44 Low control Exporting Countertrade Global sourcing Moderate control Licencing Franchising Collaborative ventures High control Joint venture Wholly owned subsidary Chart 2.3. A classification of foreign market entry strategies based on degree of control Source: (Cavusgil 2013) As seen on the chart 2.3 above, low-control strategies are exporting, countertrade and global sourcing. They provide the least control over foreign operations because the firm delegates considerable responsibility to foreign partners, such as distributors or suppliers. Moderate control strategies are contractual relationships such as licencing, franchising and project-based collaborative ventures. High-control strategies are equity joint ventures and FDI, as in this case firm attains maximum control by establishing a physical presence in the foreign market (Cavusgil 2013; 180) Export as an market entry mode Exporting is the entry strategy responsible for the massive inflows and outflows that constitute global trade and generates substantial foreign exchange earnings for nations. Export is also the most common mode for SMEs to enter foreign markets. This is because exporting is very flexible entry strategy. The exporter can enter and withdraw from markets fairly easily, with minimal risk and experience. This is why the author is investigating the export method more thoroughly than other entry methods. Osland, Taylor and Zou (2001) claim that competitive issues are very important factors associated with the use of exporting. They found that exporting is the most appropriate entering method for the very competitive target market, where the competitor s products are very similar and easily substitutable by customers. There is no need for using the high control mode that requires a high level of resources because in case of easily substitutable products the customers are very price sensitive. They also claim that 44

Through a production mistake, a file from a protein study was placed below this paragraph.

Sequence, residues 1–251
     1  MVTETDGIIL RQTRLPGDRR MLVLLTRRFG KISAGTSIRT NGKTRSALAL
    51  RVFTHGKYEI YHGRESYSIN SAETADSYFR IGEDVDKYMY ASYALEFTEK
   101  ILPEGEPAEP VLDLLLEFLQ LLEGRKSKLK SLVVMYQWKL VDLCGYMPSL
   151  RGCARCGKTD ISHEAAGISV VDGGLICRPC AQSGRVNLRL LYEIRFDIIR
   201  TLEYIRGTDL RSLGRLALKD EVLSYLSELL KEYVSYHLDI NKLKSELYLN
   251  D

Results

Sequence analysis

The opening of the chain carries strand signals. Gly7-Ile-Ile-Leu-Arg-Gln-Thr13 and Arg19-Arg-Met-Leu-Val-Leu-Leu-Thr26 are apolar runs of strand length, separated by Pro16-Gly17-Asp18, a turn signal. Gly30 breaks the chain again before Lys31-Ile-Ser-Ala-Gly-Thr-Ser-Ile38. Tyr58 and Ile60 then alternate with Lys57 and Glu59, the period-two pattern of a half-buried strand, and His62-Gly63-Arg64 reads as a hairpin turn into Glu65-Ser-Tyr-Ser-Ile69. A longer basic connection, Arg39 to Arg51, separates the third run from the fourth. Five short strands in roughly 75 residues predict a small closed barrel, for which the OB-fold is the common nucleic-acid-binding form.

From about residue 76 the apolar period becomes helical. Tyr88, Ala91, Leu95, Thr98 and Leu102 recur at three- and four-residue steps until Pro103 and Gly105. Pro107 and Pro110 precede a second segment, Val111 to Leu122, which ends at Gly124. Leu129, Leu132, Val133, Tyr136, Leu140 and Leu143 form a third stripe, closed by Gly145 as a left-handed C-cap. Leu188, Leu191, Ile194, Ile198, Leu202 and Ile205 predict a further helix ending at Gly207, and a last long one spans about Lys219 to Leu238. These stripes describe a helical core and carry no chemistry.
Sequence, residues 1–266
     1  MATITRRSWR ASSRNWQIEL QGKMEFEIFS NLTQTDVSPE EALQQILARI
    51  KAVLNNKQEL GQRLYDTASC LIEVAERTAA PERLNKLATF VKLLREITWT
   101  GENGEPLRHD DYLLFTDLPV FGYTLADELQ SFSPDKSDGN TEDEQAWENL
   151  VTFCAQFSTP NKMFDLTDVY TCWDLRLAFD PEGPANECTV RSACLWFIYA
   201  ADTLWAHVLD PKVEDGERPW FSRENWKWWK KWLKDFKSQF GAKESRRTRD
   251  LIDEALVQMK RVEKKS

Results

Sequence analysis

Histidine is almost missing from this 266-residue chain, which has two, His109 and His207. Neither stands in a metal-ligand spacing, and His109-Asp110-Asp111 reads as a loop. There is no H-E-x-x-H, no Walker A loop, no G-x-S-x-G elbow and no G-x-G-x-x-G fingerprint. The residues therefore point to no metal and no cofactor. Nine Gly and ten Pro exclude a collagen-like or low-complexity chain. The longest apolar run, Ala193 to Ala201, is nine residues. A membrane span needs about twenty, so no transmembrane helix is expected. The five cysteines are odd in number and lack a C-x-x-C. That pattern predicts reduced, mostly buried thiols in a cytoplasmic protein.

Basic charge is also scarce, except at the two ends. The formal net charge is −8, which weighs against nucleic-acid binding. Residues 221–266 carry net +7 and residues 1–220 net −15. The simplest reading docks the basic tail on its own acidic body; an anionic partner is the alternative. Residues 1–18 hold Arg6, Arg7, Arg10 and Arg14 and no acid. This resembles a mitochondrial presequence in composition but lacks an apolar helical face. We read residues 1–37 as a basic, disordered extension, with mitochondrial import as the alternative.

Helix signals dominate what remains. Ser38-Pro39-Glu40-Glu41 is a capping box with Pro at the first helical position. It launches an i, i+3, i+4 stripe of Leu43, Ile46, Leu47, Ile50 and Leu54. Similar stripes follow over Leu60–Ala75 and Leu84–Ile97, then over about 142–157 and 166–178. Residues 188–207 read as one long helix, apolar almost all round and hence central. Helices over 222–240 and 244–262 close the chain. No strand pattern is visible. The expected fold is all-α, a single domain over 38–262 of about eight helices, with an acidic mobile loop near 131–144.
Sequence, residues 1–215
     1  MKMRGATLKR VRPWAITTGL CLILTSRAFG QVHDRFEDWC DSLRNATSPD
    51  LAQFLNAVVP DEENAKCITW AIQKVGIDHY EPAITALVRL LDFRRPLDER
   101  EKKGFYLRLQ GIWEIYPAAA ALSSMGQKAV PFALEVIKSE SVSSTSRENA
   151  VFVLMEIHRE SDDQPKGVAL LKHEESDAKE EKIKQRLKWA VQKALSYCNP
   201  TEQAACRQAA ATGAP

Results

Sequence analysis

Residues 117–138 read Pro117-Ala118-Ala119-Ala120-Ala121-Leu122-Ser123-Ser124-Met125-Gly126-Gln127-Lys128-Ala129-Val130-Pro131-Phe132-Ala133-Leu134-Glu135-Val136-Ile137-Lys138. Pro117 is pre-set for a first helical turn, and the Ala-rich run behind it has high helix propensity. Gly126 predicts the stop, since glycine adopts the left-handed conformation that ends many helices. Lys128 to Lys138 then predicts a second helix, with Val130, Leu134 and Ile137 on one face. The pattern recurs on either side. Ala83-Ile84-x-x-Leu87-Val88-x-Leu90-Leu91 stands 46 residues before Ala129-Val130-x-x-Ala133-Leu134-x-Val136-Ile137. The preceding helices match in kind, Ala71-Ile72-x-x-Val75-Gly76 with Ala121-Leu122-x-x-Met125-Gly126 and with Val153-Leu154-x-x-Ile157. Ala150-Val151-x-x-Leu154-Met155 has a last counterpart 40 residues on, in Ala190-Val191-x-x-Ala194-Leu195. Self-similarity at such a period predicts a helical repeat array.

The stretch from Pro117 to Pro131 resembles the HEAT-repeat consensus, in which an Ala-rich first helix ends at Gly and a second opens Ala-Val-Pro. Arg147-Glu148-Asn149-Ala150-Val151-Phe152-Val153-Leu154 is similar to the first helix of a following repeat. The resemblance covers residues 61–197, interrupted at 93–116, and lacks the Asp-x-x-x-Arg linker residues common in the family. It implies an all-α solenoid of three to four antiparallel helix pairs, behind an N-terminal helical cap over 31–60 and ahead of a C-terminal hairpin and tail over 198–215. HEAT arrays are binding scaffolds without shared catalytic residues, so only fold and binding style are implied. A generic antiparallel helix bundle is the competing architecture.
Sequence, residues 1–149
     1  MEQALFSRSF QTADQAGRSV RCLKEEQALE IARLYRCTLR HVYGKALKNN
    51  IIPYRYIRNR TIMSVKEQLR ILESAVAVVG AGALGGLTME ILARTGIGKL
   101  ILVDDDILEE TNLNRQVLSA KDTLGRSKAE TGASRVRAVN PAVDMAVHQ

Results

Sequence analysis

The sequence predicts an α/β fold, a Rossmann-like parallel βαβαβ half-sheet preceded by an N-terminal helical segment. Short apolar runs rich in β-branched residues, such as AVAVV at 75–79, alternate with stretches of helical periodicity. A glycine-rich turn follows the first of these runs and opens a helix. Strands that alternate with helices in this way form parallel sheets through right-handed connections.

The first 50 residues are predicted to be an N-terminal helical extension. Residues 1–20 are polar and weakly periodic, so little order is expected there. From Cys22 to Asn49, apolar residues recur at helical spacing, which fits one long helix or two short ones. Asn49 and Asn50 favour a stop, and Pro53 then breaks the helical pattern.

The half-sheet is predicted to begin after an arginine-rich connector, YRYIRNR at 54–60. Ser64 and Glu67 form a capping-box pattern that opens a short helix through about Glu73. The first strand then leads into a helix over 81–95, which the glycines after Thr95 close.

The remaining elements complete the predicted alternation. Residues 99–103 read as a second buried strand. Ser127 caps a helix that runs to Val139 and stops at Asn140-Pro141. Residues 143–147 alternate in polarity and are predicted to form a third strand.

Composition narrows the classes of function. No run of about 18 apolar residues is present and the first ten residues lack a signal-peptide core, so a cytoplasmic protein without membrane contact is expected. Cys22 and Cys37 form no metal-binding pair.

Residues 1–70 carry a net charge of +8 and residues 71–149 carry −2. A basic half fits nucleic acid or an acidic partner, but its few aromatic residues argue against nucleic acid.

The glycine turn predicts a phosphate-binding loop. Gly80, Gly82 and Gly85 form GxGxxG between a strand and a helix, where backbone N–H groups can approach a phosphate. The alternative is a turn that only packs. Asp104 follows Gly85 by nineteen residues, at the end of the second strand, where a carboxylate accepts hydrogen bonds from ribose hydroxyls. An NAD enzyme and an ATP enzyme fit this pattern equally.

45 exporting is the quickest method for entering foreign markets and it helps to prevent competitors from claiming first-mover advantages in the new foreign market. Export can be divided into direct and indirect export which are distinguished by how the exporting company carries out the transaction flow between itself and the host country buyer. The decision between direct and indirect export mode depend on the control desired by the exporting companies: Direct export occurs when an exporting company sells directly to an importer or a buyer in a foreign market Indirect export occurs when the exporting company uses independent organizations that are located in the host country. For example, agents, resellers etc The main difference between these two export modes is the involvement of the exporting companies in the global marketing process. For example, companies who choose direct exporting can build up overseas contacts, do market research and can be involved in the design of the marketing mix strategies (Hollensen 2007). Hollensen (2007) has constructed a table for the two different types of export. The table 2.1 shows both the advantages and disadvantages of the two types of entry modes. 45